Summer Motorcycle Safety

Motorcycles are an especially-popular choice of transportation during the summer months. Warmer weather is a good time to enjoy your bike, but it is imperative that you take the proper precautions to ensure your safety. If you are not a biker yourself, always be aware and double-check for them to prevent severe accidents.


The Stats

Unfortunately motorcycles kill thousands of people each year. The Department of Transport has just released its latest findings regarding motorcycle safety. The most-recently reported data is for 2011, showing that 4,323 motorcyclists died in the U.S. during that year. Unfortunately, this is a 2% increase from 2010. Additionally, 289 people were killed on other bikes such as three wheelers and mopeds. A total of 49% of all fatal motorcycle crashes were due to the bike crashing with another vehicle. 6% of 2011 motorcycle deaths were a result of someone hitting the bike from behind.

Safety if…

You’re driving a motorcycle

  1. Always wear protective gear. Long-sleeved shirts, jackets and pants made of leather are a good choice that will help prevent serious road rash if you are in an accident.

  2. A helmet with eye protection will greatly increase your chances of surviving a crash and avoiding serious injury. Riding with a one will also help prevent serious brain injury in the event of an accident. The majority of states have partial or universal laws regarding helmet protection.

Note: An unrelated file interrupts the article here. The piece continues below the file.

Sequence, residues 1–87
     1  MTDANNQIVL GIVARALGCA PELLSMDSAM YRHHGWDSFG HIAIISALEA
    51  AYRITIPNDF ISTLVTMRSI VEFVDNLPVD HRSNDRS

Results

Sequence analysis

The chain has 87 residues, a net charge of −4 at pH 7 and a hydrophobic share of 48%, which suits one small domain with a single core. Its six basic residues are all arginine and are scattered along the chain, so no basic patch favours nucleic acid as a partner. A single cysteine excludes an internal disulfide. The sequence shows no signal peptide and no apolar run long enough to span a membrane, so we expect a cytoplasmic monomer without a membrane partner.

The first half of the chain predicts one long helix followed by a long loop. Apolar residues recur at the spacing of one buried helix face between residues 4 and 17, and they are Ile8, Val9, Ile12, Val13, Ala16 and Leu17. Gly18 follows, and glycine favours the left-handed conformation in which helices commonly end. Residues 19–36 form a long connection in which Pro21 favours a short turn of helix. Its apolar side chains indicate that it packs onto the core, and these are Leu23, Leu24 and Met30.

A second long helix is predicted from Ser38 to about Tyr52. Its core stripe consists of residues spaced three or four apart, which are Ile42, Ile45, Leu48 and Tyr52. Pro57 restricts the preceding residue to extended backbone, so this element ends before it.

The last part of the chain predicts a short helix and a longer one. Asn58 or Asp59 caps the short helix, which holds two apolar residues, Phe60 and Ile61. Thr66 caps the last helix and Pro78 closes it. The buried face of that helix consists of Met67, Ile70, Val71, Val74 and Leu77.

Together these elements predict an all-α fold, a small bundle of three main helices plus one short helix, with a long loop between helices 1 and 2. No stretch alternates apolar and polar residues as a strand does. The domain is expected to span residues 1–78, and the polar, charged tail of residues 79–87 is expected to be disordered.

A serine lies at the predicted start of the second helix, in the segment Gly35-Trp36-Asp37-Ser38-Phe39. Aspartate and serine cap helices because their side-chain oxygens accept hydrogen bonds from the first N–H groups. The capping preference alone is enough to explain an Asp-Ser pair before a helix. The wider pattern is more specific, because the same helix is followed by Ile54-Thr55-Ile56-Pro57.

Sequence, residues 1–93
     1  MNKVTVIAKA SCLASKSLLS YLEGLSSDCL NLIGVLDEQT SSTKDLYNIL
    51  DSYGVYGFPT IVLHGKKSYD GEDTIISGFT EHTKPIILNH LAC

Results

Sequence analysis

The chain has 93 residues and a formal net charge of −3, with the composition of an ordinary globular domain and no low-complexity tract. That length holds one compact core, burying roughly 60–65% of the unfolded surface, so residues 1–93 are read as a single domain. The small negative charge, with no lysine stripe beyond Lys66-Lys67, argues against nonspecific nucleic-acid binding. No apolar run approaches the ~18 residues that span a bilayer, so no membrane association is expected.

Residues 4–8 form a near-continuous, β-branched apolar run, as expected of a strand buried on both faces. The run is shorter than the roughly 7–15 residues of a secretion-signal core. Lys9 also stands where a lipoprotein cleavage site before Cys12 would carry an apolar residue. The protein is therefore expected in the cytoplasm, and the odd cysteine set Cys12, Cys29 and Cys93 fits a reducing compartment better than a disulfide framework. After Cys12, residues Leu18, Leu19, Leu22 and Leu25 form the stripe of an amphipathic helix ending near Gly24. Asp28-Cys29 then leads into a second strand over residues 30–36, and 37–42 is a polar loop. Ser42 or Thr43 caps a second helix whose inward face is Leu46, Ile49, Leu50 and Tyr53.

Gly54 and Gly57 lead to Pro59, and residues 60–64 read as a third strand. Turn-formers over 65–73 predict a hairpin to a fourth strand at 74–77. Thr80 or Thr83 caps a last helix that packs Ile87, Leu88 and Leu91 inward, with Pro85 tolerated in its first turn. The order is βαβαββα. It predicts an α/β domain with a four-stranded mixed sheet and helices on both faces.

3. Never weave between lanes. Quickly switching lanes while speeding makes it nearly impossible for another car to see a motorcyclist, which could result in a very serious crash. Make sure it is a DOT-approved helmet.

  4. Know your motorcycle. Understand that not all motorcycles are alike so controls, gears and braking can vary.

You’re driving another vehicle

  1. Double check before switching lanes. Do not rely on mirrors when moving over, as motorcycles can appear seemingly out of nowhere. The same rule applies to turning and pulling into traffic.

  2. Follow cyclists at a distance. Allow enough room to stop in the event the cyclist in front of you suddenly brakes for potholes, debris or other cars.

  3. Share the road. Bikers should always have a full lane and plenty of space to ride.

  4. Note that cyclists often slow down by rolling off the throttle or downshifting. Doing so does not activate a brake light.

The Motorcycle Safety Foundation website is a good resource for finding training courses and refreshing your memory on motorcycle safety. Being a defensive driver could save your’s or someone else’s life.


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